At first glance, timber frame and post and beam structures may appear similar. After all, both rely on heavy timber to create open spaces with exposed beams. Yet the difference between timber frame and post and beam construction is the way the individual parts are connected:
- Timber framing uses wood joinery and rarely uses steel parts
- Post and beam structures use metal fasteners and connectors
What Is Post and Beam Construction?
Post and Beam Construction Essentials
Post and beam structures are built with vertical posts and horizontal beams. Metal brackets and steel plates join the timbers and hold the structure together, but they aren’t always visible. In some cases, they’re decorative, but in other cases, they’re structural and placed out of sight.
Pros of Post and Beam Construction
Post and beam building generally has lower skilled labor costs than timber frame construction. Although post and beam structures require plenty of labor, they tend to be less complex in engineering, construction, and fabrication. Additionally, decorative or structural metal plates can add a specific style to a post and beam structure.
Cons of Post and Beam Construction
Moisture can condense on steel surfaces, causing the steel to rust and the surrounding wood to decay. Depending on the complexity of the metal plates, post and beam construction material costs can be more expensive than traditional timber framing. Dissimilar materials (metal and wood) also tend to work loose over time.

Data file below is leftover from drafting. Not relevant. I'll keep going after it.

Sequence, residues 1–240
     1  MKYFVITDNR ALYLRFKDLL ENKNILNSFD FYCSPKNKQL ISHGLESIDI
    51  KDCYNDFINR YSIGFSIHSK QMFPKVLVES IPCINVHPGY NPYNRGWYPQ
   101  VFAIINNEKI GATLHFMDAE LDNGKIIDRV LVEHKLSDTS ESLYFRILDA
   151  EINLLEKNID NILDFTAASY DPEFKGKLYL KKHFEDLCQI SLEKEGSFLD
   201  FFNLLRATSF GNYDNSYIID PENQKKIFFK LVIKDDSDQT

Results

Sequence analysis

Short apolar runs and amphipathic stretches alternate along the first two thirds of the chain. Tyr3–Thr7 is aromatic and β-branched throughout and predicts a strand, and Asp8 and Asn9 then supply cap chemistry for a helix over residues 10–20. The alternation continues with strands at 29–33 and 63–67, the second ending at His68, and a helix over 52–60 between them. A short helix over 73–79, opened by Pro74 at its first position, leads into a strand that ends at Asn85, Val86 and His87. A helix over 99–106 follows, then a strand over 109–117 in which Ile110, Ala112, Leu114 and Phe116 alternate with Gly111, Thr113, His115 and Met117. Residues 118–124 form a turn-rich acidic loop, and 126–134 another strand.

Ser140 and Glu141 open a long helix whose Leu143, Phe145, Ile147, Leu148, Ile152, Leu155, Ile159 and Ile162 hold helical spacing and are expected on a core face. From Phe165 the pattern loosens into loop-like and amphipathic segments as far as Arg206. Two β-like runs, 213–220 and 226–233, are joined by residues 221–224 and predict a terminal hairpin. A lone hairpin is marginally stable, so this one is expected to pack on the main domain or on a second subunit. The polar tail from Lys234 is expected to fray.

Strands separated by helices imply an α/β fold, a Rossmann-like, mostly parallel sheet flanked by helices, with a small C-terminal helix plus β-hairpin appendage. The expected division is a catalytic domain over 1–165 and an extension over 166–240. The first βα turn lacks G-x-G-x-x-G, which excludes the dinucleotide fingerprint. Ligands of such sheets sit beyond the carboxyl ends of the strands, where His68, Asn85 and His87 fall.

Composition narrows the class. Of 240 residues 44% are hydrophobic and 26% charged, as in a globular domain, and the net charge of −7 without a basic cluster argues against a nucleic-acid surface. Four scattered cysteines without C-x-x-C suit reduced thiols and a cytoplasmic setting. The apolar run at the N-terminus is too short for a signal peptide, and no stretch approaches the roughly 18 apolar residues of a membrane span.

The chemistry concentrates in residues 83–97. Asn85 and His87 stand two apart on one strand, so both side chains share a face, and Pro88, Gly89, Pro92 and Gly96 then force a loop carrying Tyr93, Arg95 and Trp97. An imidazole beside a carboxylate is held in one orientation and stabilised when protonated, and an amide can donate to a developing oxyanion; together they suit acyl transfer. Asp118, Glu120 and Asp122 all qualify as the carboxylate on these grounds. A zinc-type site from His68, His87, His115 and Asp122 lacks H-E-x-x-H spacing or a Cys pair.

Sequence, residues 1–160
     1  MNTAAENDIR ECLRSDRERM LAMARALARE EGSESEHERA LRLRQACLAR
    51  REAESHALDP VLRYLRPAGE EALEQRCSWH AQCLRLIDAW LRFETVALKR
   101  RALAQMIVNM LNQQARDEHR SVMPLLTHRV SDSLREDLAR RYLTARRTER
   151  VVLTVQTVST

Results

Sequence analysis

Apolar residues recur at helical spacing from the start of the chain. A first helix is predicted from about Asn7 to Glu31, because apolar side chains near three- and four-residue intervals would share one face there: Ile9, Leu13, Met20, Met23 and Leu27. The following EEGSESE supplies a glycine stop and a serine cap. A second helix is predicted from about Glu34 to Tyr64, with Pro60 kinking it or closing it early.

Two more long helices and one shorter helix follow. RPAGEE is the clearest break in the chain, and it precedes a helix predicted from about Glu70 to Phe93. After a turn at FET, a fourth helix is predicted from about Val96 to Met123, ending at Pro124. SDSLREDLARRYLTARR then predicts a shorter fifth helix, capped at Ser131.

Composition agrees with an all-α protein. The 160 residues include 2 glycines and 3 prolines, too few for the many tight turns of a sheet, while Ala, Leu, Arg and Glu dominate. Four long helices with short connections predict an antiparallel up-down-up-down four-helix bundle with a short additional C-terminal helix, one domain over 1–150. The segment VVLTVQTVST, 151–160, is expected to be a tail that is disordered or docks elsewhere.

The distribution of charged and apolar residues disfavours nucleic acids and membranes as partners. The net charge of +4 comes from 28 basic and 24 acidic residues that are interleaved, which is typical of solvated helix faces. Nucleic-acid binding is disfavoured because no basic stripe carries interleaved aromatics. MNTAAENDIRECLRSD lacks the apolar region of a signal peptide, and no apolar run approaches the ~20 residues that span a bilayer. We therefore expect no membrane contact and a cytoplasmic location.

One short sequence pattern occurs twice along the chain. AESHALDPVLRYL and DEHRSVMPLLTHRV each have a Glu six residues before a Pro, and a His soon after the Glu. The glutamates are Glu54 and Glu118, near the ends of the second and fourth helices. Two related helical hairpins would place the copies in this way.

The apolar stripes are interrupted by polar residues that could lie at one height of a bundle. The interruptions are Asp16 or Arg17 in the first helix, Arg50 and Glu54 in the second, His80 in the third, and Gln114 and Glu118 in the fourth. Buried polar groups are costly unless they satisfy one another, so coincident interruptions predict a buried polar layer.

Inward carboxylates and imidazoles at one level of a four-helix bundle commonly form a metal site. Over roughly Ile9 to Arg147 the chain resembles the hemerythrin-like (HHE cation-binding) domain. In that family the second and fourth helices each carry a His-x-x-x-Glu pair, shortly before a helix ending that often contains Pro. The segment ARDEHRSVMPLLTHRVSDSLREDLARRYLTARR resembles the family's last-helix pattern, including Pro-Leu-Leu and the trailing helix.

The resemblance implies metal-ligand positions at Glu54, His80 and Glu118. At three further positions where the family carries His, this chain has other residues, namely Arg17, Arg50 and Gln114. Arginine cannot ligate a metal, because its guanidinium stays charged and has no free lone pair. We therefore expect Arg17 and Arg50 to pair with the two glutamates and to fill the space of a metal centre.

What Is Timber Frame Construction?
Timber Frame Construction Essentials
Timber frame construction relies on wood-to-wood joinery—so there’s no need for metal brackets. The timber frame is almost always exposed, creating a space that’s’ simultaneously open and cozy.
Pros of Timber Frame Construction
Usually (but not always), timber frames are more attractive, elegant, and expensive than post and beam structures. Traditional wood-to-wood joinery, if kept dry, can endure for centuries. In addition, traditional wood joinery is somewhat elastic–in other words, it can deflect and give a little under loads. This is one reason that certain examples of Japanese architecture have survived for over a thousand years–despite the destructive earthquakes that occur several times each century.
Cons of Timber Frame Construction
Timber framing has a higher cost of skilled labor to design, engineer, and fabricate traditional joinery. Some structures increase timber cost when timber sizes increase, which may occur during engineering to accommodate joinery.
Post and Beam Construction vs. Timber Frame Construction
What Do Both Construction Methods Have in Common?
Ultimately, timber frame and post and beam structures have a similar visual style. Both tend to create open spaces with exposed beams and a natural elegance. That’s because both types of construction use heavy timbers rather than 2x4s.
How Joinery Makes a Difference in Construction Methods
Some timber framers believe that wood should be the only component in a true timber frame structure. When it comes to timber frame construction, mortise and tenon joinery brings everything together—both aesthetically and structurally.
In contrast, post and beam construction uses metal plates and bolts. While that may not seem like a big difference, some would argue that this method isn’t truly timber framing.
Curious which is the right choice for your project? Give us a call at 828-266-9663 or send us an email.